Tuesday, September 9, 2008

'55 Chevrolet Newspaper Ad

                   CHEVROLET'S SPECIAL HILL-FLATTENERS ! 162 HP V8   180 HP V8
This illustration by Charles Allen was among the first newspaper ads produced using the line technique that would make Chevy ads famous. Many of the newspaper ads from this time were produced with photography which was the latest thing in advertising. But when the reproduction results were reviewed by gathering tear sheets from all over the country they left much to be desired. Newspaper printing presses were nothing like those being used today. They tended to wobble some and the ink distribution was usually too heavy or too light resulting in a very unsatisfactory look at the product. The line technique Jim Hastings began using for newspaper ads came from his experience when he was with the Paterson and Hall art studio in San Francisco. Hastings himself had made illustrations using the technique and knew first hand the quality that could be produced. His other contribution to Chevy ads of the future was the relationship with America and the endless highways that would appear in ads yet to come.   The double perspective for highway performance illustrations allowed for great views of the cars and great views of the roads they traveled.

'55 Chevrolet Magazine Ad

This illustration by Fred Ludekins shows one of the lower priced Chevrolets. Still the sub head copy says that Chevrolet is stealing the thunder from the higher priced cars. And they were doing exactly that at the time. The new Chevy styling and new V8 engine were very popular. The story played to what has always been the Chevrolet advantage--more car for the money. Fred Ludekins didn't do many more illustrations after this one and I am not sure why. It is interesting to notice the Chevy police car with the officer waving to his friend in the Chevy convertible. 

Wednesday, August 6, 2008

'55 Chevrolet Newspaper Ad

Doug MacIntosh was the art director on this ad and Warren Winstanley was the photographer. At the time Warren worked for Cle Clark who was one of the pioneer car photographers in Detroit. Mickey McGuire also worked for Cle Clark and would go on to establish Boulevard Photographic with Jimmy Northmore. Jim Hastings was the agency head art director at the time and was in the process of creating an art style for Chevy that would last for years. Why this ad and several others were illustrated with photography rather than art I do not know as I didn't start at Campbell- Ewald until Jan. of 1958. My guess is that Doug MacIntosh was pushing for photography and was one of the best art directors Hastings had at the time. Doug was helpful in getting me an interview with Jim Hastings. We had worked together at Kenyon and Eckhardt on the Lincoln - Mercury business. Chevrolet really had in all going with the great looks and hot performance of this new car. This headline said it all.

Thursday, July 31, 2008

1955 Chevrolet Magazine Ad

The '55 Chevy styling was really something special. It was a tremendous departure from anything Chevrolet had offered. And with the big new V8 engines it was a home run. This wonderful illustration was by Bruce Bomberger. Bruce was one of several outstanding illustrators from California that Jim Hastings knew and used to bring a new vitality to Chevrolet print advertising.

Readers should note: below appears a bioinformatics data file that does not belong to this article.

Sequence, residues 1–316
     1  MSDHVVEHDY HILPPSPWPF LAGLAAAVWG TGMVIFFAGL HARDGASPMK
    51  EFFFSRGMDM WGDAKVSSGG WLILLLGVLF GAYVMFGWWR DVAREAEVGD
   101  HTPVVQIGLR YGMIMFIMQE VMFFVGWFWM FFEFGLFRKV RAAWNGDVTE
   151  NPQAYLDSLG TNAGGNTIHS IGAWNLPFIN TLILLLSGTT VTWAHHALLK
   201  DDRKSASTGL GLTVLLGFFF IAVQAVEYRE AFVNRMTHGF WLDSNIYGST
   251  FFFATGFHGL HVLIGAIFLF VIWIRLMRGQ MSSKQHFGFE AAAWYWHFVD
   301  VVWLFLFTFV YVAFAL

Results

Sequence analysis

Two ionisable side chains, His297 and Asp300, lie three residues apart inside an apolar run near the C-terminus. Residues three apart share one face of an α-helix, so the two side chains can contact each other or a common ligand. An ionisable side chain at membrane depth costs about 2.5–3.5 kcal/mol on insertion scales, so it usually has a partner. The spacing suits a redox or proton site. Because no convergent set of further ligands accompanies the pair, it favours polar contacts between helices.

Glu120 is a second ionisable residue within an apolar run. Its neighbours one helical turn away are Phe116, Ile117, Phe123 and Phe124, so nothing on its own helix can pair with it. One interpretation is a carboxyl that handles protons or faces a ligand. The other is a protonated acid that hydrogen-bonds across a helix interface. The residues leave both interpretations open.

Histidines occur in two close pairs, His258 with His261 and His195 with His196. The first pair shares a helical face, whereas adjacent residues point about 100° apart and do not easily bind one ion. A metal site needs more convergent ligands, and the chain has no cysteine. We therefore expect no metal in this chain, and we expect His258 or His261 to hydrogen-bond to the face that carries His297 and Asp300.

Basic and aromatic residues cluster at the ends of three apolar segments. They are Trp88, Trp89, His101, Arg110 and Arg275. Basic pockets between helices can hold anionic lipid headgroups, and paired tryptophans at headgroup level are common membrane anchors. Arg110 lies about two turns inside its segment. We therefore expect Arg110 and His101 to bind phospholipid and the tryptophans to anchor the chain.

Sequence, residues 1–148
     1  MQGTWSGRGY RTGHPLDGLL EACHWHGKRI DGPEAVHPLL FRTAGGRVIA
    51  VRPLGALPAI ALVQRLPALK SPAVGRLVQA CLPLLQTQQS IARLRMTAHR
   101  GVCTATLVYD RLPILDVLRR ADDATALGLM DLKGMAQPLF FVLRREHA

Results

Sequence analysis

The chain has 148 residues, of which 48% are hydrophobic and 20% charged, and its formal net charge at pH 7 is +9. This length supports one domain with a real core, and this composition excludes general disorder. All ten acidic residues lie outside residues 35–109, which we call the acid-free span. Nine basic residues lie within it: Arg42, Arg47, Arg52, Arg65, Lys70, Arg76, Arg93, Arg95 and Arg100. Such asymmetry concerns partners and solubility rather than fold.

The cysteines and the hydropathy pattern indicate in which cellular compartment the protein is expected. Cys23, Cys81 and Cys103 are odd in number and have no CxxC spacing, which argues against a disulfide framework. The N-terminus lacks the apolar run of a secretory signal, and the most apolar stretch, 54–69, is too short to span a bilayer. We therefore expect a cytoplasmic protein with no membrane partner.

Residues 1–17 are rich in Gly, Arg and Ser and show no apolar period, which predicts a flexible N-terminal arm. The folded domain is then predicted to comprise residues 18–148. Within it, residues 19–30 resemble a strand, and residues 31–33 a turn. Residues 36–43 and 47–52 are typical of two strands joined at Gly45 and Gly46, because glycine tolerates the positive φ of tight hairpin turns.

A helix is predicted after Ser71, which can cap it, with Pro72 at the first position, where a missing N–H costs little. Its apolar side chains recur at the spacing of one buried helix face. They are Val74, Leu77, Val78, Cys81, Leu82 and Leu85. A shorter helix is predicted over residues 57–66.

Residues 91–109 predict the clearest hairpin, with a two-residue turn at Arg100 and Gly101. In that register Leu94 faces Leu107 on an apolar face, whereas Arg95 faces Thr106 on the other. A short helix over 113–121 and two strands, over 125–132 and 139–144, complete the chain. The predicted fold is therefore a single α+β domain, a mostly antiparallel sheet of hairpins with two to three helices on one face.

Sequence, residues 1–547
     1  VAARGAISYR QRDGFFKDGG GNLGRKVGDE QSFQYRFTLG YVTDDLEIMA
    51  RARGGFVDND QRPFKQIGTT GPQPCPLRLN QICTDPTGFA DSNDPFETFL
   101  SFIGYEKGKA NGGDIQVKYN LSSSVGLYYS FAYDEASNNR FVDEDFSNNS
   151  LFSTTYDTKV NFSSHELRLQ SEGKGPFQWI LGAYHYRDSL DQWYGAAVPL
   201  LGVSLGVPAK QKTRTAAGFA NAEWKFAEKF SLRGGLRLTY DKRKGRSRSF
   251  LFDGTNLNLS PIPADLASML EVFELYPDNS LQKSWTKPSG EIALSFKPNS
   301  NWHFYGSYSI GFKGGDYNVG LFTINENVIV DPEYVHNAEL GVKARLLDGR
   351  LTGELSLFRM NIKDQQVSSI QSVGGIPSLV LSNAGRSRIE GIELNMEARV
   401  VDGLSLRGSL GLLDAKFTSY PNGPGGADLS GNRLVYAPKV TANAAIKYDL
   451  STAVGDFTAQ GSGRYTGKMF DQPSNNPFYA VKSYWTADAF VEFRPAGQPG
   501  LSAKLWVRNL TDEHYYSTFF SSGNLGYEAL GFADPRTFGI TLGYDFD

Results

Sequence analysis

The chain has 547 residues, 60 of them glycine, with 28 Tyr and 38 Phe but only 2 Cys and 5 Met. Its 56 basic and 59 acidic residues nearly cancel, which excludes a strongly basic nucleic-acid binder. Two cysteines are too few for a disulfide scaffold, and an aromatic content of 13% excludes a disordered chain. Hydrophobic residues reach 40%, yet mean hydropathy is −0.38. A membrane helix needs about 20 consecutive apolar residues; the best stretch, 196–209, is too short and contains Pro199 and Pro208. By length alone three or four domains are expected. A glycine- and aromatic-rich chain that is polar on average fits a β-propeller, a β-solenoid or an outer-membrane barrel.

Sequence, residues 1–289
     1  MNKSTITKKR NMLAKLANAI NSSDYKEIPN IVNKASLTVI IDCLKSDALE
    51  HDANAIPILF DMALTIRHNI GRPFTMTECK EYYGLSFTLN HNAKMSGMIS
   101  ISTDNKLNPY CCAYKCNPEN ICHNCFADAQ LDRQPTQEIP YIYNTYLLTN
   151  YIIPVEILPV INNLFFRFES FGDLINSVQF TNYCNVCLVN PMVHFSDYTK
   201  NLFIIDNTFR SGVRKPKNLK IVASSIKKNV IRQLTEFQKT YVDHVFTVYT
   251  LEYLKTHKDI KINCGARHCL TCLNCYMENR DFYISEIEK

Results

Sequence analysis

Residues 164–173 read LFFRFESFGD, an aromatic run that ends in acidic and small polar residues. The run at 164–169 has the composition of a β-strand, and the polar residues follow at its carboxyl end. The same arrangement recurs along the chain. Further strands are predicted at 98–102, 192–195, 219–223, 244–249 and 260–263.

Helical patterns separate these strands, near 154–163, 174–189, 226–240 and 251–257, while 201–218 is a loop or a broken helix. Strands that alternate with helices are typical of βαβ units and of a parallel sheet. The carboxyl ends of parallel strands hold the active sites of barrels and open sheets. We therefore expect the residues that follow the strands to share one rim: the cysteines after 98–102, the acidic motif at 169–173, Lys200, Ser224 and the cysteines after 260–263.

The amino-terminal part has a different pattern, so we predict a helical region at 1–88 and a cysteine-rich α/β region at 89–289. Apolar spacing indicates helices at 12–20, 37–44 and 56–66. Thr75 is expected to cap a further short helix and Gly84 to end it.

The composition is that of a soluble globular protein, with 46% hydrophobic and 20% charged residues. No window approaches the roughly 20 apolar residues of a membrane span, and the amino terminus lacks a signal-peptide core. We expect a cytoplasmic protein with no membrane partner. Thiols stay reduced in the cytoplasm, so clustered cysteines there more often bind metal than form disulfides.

Wednesday, July 9, 2008

'56 Chevrolet Magazine Ad

And look a little closer and you will see just a touch of a Corvette. Then too you might wonder why a performance and handling story like this didn't  have an illustration with the car in one of those wide open road illustrations Chevy was noted for. But then the boat carrying the car was perhaps a beautiful thing to handle too. This illustration was by Mel Brindle who was paid $2,500 for the effort. The ad ran in the July issues of Holiday,Time,Outdoor Life, Saturday Evening Post, and Field and Stream. It was in color but I do not have a color example to show you.

Saturday, June 28, 2008

'56 Chevrolet Newspaper Ad

I am not sure about the artist on this one. It most likely was by one of the California guys Jim Hastings was using during this time. The signs say the car is in the eastern part of the country but that does not mean the illustrator was not on the west coast.
Still, the artists Hastings was using from there usually signed their work and this is not signed so it could have been done by a Detroit illustrator. Hastings was bringing along some of the local talent and getting good results.

'56 Chevrolet Newspaper Ad

Illustration by Charles Allen. He was with the Patterson and Hall studio in San Francisco at the time as were several other artists that did illustrations for Chevrolet. Among those were Stan Galli, Bruce Bomberger, and Hains Hall. What a collection of talent in one place. Jim Hastings, my boss at Campbell-Ewald, worked at Patterson and Hall as an illustrator before he was hired by C-E to be the head art guy. That explains the reason so many illustrations from this time were done by illustrators from San Francisco. If Jim Hastings was not the actual art director for this ad he most certainly approved the layout before it went to the Chevy client and was the one that sent it to Patterson and Hall for the finished art.

Friday, May 23, 2008

'56 Chevrolet Corvette Magazine Ad